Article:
Ukraine has a good tradition to postpone all the important things until Friday. During Yanukovych’s rule, well-known oppositionists were detained precisely on Friday, so that the society, busy with preparations for the weekend, would let the big news pass by. It is difficult to realize the logic of Prime Minister Oleksiy Honcharuk when tendering his resignation: did he want his demarche not to be noticed? In any case, the head of government well masked his intention - he did not address the statement to the Verkhovna Rada, as required by Articles 85 and 115 of the Constitution of Ukraine, but directed it to the president. Perhaps Honcharuk is a layman (by his own definition) not only in economics but also in law. One way or another, and the former MP of the CEC, Andriy Magera, rightly notes on his Facebook page that Honcharuk’s statement is nothing more than a declaration.
“I came to the office to fulfill the president’s program. For me, he is an example of openness and decency. However, in order to remove any doubts about our respect and trust in the president, I wrote a letter of resignation and handed it to the president with the right to submit it to parliament,” Honcharuk reported.
“The prime minister’s position regarding the resignation statement is correct and strong. This step underlines the command nature of their relations. We are waiting for the president’s decision,” Davyd Arakhamia, the head of the Servant of the People faction, wrote.
“The question here is, does Honcharuk really not know that the Verkhovna Rada is responsible for appointing and dismissing the Prime Minister, or is he mocking us? If he really wanted to resign, it was enough to write a statement to the Verkhovna Rada. We’re glad, but it’s possible that Goncharuk laughed at the president – oh, a touchy man – it will be enough for Zelensky to give rise to his statement,” political analyst Kyrylo Sazonov comments.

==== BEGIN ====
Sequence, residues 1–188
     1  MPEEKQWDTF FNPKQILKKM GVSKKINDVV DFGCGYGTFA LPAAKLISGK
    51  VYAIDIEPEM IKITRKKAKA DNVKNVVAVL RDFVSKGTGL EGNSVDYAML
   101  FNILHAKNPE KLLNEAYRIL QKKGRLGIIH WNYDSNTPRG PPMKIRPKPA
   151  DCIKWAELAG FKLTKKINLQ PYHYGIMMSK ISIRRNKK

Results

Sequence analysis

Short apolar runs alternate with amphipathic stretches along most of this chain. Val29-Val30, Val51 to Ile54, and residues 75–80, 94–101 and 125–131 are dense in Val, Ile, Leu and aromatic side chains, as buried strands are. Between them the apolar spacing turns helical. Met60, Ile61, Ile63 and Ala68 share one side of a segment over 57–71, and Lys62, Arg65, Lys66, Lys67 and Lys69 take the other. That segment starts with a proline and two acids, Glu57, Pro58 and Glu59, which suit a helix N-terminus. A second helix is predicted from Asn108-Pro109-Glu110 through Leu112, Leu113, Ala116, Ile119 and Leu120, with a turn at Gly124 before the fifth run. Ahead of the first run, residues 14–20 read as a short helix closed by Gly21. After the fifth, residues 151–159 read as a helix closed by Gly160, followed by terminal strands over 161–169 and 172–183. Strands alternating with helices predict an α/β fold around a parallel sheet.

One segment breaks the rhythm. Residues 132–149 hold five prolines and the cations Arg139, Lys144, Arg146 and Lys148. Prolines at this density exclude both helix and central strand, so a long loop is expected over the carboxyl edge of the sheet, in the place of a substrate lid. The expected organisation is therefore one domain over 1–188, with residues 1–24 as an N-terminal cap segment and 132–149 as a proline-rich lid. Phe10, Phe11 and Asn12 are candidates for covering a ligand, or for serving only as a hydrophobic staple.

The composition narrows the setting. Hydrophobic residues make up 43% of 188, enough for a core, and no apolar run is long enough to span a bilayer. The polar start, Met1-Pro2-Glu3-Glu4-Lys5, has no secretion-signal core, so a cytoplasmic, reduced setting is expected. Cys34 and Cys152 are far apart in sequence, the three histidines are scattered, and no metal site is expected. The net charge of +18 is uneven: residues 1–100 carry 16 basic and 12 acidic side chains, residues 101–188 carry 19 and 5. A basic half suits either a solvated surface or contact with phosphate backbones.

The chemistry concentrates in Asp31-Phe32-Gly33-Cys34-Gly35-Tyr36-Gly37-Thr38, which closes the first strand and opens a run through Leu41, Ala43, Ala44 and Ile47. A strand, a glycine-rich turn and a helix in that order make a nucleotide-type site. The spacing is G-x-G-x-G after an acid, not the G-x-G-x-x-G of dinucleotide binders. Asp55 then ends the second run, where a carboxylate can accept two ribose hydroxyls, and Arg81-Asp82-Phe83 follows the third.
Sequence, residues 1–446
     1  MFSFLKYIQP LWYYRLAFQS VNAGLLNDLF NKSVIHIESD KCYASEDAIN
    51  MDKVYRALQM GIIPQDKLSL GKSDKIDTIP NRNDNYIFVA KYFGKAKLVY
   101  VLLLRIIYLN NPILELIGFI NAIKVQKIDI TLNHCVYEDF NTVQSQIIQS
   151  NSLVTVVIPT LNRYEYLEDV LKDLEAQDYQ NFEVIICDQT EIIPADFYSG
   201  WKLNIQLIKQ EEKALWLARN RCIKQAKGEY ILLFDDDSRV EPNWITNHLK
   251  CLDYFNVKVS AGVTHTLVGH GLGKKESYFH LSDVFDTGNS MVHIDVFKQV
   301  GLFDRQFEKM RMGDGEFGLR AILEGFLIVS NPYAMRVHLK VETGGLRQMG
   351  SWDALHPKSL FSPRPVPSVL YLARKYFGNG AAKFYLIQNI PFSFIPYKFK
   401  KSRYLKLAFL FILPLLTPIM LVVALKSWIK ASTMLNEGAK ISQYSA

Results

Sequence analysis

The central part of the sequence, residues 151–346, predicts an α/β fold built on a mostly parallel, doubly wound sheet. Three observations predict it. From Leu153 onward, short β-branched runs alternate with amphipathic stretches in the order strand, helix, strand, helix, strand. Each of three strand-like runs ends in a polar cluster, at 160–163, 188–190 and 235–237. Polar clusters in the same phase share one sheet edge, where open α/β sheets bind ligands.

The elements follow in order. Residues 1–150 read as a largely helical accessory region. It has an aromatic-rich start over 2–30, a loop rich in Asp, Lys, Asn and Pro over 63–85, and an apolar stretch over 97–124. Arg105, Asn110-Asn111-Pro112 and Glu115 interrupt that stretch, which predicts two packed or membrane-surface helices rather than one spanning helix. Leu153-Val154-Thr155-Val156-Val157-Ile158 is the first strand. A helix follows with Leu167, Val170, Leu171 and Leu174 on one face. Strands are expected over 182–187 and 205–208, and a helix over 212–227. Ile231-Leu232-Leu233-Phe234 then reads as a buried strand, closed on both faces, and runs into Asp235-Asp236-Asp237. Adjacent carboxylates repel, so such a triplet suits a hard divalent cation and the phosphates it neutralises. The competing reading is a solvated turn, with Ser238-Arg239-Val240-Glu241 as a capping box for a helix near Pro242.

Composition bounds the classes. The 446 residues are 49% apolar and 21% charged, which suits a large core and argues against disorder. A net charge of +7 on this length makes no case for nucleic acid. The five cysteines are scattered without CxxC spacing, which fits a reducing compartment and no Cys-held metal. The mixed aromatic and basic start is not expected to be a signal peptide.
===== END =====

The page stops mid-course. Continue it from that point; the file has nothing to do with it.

The first scenario: status quo and leave Honcharuk in the office. “It is also possible that the president will support the prime minister, take responsibility for him, and the whole scandal will slow down. As for voting in the Verkhovna Rada, it will only illustrate the division into pro-government and opposition parts (the opposition will most likely vote for resignation), and in fact, it will turn into a vote of support for Honcharuk himself,” says Ruslan Bortnyk, director of the Ukrainian Institute for Analysis and Policy Management.
However, if the option of “total forgiveness” is rejected, the option of the government’s resignation remains actual. It will take place later, Bohdan Petrenko, deputy director of the Ukrainian Institute for the Study of Extremism, is convinced.
"The government of Honcharuk will resign because our governments have always served as lightning rods. But there are two key questions here - land issues and local elections. If today they dismiss Honcharuk, then tomorrow the new government and the new prime minister must launch the land market. In such a way, they will take over the whole negative and will lead the president out of the attack. However, the best option is to implement the land law through the hands of this government, using it as a sponge to absorb negative moods," said the expert.